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As COVID-19 Raged, Incarcerated Journalists Fought Isolation And Illness To Expose Abusive Conditions

In the summer of 2020 we launched a collaborative writing program to connect incarcerated writers with outside journalists and editors. Our goal was to help them publish their writing in mainstream media publications.

We began only a few weeks after COVID-19 came into San Quentin State Prison, where Rahsaan lives. We knew that COVID-19 would be an incredible threat to people incarcerated, but were unprepared for the devastation and loss ahead. At San Quentin — which became home to the largest outbreak in the country — Rahsaan became infected with the virus and experienced the mental health toll of being locked in a cell, 24 hours a day, for days at a time. With a total of 2,607 confirmed cases, 29 people died. 

Across the country, over 397,422 incarcerated people were infected and at least 2,700 died. But the story goes far beyond that loss: COVID-19 inside U.S. prisons was marked by outright indifference for basic pandemic safety protocols, facility crowding, the use of segregation to “treat” people with COVID-19, and many other injustices.

Through it all, however, the writing persisted. In the early months of our program, called the Empowerment Avenue Writer’s Cohort, a team of volunteers on the outside rapidly transcribed hand-written and typed writing and reporting about San Quentin’s ever-worsening outbreak. (There is no internet or email access from the inside, so the digital transcription, pitching, and email correspondence must be handled by people on the outside.) Correctional officers confirmed Rahsaan’s COVID-19 infection on the night of July 2; the next day he wrote an essay about the experience that was published on Insider. His colleague Juan Haines reported from inside the hole during his own COVID-19 infection. 

As our program grew, so did the storytelling. Incarcerated writers from elsewhere in California, Washington State, Ohio, and New York reported what they saw for publications like Insider, The Washington Post, Huff Post, Slate, Jewish Currents, Il Manifesto, and Elle Magazine. They’ve continued writing about the impact of the pandemic even after vaccinations — including a return to prison crowding, hesitations around vaccines, limitations in reuniting with loved ones, and the overwhelming psychological toll.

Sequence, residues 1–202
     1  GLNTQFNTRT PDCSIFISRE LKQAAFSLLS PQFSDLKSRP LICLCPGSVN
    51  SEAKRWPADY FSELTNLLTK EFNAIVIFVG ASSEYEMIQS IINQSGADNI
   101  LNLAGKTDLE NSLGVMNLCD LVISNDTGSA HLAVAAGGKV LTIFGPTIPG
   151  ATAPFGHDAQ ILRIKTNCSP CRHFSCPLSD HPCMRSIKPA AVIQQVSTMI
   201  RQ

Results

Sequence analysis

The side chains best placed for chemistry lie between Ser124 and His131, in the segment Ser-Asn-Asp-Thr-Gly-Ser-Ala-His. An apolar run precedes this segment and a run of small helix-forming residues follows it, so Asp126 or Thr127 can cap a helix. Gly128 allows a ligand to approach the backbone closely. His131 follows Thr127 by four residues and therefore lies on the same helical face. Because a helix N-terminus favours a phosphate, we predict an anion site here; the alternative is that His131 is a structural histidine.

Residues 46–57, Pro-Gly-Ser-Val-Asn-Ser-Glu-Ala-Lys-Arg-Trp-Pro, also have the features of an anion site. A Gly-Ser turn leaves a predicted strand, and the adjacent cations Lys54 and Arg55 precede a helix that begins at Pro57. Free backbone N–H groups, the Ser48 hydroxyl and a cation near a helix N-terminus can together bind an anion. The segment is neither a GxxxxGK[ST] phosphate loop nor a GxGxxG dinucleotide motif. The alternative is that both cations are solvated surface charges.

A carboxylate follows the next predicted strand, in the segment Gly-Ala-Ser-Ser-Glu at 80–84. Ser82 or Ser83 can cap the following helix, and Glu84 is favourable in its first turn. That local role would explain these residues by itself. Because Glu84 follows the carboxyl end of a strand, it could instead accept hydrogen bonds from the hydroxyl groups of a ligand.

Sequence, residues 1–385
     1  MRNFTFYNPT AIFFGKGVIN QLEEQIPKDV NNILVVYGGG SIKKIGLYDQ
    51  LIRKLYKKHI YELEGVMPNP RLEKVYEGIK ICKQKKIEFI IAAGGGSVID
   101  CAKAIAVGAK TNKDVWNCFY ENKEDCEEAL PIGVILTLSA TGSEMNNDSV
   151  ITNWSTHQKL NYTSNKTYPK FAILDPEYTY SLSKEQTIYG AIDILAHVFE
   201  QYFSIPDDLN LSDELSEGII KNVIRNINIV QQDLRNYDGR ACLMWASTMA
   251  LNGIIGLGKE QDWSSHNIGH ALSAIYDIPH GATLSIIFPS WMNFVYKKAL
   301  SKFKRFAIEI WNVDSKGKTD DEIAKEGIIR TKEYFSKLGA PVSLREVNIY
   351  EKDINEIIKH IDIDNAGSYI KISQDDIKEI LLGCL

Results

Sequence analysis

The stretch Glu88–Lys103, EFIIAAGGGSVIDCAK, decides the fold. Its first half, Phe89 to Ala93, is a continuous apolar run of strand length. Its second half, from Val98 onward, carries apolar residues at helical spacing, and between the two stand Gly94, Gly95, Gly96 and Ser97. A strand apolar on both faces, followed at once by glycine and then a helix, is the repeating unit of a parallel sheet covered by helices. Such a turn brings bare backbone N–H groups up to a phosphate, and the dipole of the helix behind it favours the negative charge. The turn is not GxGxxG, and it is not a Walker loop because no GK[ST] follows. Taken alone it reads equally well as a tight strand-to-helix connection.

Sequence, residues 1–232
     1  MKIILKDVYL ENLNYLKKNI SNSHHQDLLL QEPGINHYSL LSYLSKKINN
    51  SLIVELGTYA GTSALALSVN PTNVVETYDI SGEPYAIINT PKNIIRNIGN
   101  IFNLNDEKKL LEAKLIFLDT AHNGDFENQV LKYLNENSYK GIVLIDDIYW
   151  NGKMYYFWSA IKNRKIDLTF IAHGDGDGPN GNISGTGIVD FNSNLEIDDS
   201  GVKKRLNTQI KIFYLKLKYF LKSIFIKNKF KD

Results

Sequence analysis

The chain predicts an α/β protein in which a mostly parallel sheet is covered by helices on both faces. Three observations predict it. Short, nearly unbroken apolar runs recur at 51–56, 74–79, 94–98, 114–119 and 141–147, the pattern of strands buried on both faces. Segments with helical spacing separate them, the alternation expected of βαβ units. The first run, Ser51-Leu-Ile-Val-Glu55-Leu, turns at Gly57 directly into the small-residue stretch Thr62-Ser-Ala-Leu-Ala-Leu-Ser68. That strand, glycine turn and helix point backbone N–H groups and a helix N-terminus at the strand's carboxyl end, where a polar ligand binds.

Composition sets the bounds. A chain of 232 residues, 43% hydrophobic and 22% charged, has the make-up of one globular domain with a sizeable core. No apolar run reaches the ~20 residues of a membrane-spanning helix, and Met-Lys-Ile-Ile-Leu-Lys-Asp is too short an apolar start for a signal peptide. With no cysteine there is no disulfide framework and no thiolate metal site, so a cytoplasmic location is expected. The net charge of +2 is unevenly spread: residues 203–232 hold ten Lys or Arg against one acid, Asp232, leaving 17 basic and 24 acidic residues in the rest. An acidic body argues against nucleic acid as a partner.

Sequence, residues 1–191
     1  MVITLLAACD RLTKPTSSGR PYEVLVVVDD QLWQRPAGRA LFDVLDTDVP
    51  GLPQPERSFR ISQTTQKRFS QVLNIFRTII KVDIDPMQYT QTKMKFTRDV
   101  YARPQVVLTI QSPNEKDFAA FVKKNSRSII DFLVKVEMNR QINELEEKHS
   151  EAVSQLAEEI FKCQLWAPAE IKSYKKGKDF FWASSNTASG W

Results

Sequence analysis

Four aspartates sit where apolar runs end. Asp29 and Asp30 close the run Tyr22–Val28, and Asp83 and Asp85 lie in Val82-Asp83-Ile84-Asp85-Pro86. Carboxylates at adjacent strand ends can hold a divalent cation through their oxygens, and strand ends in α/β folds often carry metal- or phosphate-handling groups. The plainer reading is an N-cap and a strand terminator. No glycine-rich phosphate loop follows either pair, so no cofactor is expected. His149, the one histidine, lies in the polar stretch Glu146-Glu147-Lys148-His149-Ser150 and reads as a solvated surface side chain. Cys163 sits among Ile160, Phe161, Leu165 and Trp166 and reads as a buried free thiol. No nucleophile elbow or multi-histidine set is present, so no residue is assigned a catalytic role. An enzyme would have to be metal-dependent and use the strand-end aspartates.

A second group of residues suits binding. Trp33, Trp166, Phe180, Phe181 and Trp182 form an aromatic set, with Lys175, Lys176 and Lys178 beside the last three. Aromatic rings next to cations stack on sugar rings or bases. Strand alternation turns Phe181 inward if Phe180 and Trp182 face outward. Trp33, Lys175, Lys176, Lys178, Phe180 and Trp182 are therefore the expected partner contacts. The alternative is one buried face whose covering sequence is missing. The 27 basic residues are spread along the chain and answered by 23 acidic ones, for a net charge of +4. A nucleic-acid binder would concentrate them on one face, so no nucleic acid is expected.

Because Rahsaan doesn’t have access to digital media, Emily printed out each article and mailed it to his cell. We also collaborated on an extensive survey about COVID-19 — which 16 Empowerment Avenue writers around the country responded to — to further understand their experience navigating the pandemic. Their reporting and survey responses revealed they faced horrible conditions that were eerily similar despite location or facility security level. They just didn’t get the same level of media attention as San Quentin.

To us, it has never been clearer that conditions in prisons must change to prevent more unnecessary deaths and illnesses. Having access to data, storytelling, and reporting from Empowerment Avenue writers around the country underscores that those changes need to be implemented nationwide. Below, we provide a summary of what went horribly wrong.

Empowerment Avenue was born of this pandemic — but that doesn’t mean our writers, or anyone incarcerated, deserves to die from a variant outbreak or the next deadly virus. 


Punished for Being Sick 

“ONE, TWO, THREE, FOUR, FIVE, TURN . . . One, two, three, four, five, turn . . . Pacing back and forth in the six-by-ten foot cell, LJ, a prisoner at Washington’s Monroe Correctional Complex (MCC), counts each step in an attempt to mask his mounting frustration and retain his sanity.” These are the words of Christopher Blackwell, who published the first piece supported by Empowerment Avenue for Jewish Currents on September 1, 2020. “He’s trying to process the fact that he has been placed in solitary confinement for medical reasons three times in the months since Covid-19 struck MCC, where he and I are both incarcerated.” 

The story is aptly titled, “When Tourture is a Health Precaution.” As Christopher points out, the use of solitary confinement increased an estimated 500 percent across the country—with about 300,000 people placed in solitary confinement during the first three months of COVID-19—as “Departments of Corrections use a practice that has been internationally recognized as torture as a stand-in for a safe and humane means of quarantine.”

At San Quentin, Rahsaan and thousands of others were trapped inside a 5- by 8-foot cell with another individual. As Rahsaan chronicled for 48 Hills in February, “At San Quentin Prison, Daniel Kramer and others lived in extreme fear of contracting COVID from their cellmates.” The virus rapidly spread within the crowded housing units, and the “solution” was to send people into solitary confinement. As Juan Haines reported at the time, the inhumane conditions in the hole led to a hunger strike.